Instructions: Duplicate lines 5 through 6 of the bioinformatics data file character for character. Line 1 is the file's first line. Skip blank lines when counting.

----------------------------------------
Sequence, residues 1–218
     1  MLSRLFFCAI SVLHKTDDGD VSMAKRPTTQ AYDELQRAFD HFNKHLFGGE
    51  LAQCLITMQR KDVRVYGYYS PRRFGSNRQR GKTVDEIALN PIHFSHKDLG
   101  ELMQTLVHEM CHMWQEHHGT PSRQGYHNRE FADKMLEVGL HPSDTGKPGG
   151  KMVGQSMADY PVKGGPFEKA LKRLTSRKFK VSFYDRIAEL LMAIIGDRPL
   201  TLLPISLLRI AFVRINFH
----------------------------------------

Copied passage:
   151  KMVGQSMADY PVKGGPFEKA LKRLTSRKFK VSFYDRIAEL LMAIIGDRPL
   201  TLLPISLLRI AFVRINFH